Nearly 3 years spent studying their DNA and I begin to really like these little guys.
Mating during dinner
“It’s springtime ! Hungry ? Waiting for food ? Play it like a tick, have sex before/during your blood meal !! ” Female and male of Castor bean tick (Ixodes ricinus, L 1758)
Hard ticks have to take a long blood meal before molting (metamorphosis from larvae to nymph, and from nymph to adult). Females need an extra (very long) blood meal – which last several days – in order to prepare the egg production. But sex (or more precisely mating) occurs before and/or during the blood meal (which is actually funny from my human point of view). After leaving the host, females will layed more than a thousand of eggs; which represents more than the mass of the tick before feeding.
For the rest of their life, ticks spend most of their time doing… well… I don’t know. Maybe waiting for an host, metabolizing blood, staying away from desiccation, finding the best spot to catch a bloody tetrapod ?
Host detection and cutting-edge technology
“Hey human, I’m looking for your blood ! Here… just here, right here !” Nymphal instar of tick, waiting for an host to feed on. Castor bean tick (Ixodes ricinus, L. 1758)
Not much is known about their abilities to detect the presence of the desired host. Some particular organs are present at the last segment of their frontal legs. They could help ticks to do the job. Described for the first time by G. Haller in 1881, this authors initially thought it was an organ of hearing due to the similarity with auditory organs of many crustacea. You should read the note writtten in 1907 by G.H.F. Nuttal, W.F. Cooper and L.E. Robinson, there is some nice planche describing the anatomy (doi:10.1017/S0031182000003486) and a recent advance in the understanding of this organ by Carr et al., 2017(doi:10.3390/ijms18071563).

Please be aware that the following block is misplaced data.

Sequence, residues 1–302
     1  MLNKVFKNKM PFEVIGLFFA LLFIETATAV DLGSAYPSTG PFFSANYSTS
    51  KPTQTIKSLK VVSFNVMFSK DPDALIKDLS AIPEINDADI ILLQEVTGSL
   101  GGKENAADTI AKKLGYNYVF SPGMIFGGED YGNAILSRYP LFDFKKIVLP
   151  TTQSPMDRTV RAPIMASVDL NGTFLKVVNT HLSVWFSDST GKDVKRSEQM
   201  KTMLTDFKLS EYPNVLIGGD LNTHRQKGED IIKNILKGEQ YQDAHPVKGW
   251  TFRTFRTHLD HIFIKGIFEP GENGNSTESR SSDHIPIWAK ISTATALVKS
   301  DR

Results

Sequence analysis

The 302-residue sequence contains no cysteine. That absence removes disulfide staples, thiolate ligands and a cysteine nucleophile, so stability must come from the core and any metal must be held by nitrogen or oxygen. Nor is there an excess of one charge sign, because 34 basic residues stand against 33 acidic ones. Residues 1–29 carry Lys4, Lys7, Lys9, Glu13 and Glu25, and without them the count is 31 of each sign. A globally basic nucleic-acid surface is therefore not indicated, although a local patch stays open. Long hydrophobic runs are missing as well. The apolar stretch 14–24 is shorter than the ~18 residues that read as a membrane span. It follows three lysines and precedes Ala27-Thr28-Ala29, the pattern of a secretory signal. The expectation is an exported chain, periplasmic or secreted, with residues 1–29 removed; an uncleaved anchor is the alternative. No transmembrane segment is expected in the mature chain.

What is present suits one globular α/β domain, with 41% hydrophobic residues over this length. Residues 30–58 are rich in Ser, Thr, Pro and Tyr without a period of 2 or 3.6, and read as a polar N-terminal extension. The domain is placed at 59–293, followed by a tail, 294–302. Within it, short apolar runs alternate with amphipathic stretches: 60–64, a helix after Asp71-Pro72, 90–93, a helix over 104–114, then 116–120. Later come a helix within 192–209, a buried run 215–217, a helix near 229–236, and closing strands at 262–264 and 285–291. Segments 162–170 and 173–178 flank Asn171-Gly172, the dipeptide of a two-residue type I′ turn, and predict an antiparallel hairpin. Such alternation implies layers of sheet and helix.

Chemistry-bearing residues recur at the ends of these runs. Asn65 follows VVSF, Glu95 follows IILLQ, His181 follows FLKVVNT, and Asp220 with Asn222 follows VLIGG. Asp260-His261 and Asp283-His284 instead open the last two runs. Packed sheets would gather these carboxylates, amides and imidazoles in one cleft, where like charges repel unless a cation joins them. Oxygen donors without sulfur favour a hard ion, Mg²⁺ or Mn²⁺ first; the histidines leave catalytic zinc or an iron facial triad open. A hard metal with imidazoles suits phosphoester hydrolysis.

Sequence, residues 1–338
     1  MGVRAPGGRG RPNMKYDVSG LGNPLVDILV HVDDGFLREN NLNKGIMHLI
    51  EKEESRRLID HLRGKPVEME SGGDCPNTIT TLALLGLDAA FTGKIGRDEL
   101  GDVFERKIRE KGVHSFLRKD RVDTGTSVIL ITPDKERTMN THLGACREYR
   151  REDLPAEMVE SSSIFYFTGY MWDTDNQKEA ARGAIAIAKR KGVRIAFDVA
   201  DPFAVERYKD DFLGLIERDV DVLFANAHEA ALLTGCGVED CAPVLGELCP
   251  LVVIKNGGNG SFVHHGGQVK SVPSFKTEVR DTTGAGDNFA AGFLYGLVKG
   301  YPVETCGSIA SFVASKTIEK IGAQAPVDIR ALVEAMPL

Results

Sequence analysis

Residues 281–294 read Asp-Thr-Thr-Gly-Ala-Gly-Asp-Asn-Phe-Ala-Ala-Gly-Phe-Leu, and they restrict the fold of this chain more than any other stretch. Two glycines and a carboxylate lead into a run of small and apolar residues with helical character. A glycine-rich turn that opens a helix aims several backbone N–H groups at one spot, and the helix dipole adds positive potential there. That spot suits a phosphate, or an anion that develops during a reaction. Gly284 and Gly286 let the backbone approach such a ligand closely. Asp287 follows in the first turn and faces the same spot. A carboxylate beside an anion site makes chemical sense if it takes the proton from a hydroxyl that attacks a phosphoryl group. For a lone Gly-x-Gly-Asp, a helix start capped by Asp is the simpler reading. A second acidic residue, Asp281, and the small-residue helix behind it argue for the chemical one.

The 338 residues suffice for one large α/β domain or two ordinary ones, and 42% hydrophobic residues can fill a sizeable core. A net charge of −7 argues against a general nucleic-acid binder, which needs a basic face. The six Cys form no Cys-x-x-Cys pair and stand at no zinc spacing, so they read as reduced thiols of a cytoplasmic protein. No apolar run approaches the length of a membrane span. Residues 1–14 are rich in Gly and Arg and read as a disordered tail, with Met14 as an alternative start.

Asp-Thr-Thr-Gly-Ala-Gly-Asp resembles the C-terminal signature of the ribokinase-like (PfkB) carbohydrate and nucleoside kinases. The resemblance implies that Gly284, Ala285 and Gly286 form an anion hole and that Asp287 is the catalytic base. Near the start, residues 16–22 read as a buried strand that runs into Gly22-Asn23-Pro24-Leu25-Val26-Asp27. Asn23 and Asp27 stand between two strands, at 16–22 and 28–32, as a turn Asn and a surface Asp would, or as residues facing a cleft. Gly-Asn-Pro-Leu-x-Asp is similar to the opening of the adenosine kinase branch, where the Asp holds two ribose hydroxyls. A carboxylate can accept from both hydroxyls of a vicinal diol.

Host seeking strategy
“Wait and see…”. Adult ♀ of Castor bean tick (Ixodes ricinus, L. 1758)
Some tick species are running around, actively hunting, looking for a host to feed on, such as Amblyomma and Hyalomma species.
But I. ricinus is more like a “proactive waiter” species. By proactive, I mean that they have to climb on a platform like a grass stem… and then, wait ! One can question if their ability to choose the right place to wait is not the result of an active strategy ? For this reason, we say that I. ricinus is “questing” which have a definitely more active meaning that “waiting”. But compared to some Hyalomma species running around – literally hunting, it is still a “wait and see” strategy.
Some others tick species seam even less proactive, living near or inside the nest of their host, feeding whenever they like – we say that they are nidicolous. Different tick species, different strategies. Ticks are awesome ! There is a nice review/opinion paper in Experimental and Applied Acarology by Igor Uspensky in 2002.
Hope you enjoyed my enthusiasm about ticks. They can definitely transmit pathogens but can also be seen as a beautiful form of life !
These article is a combination of three Instagram posts: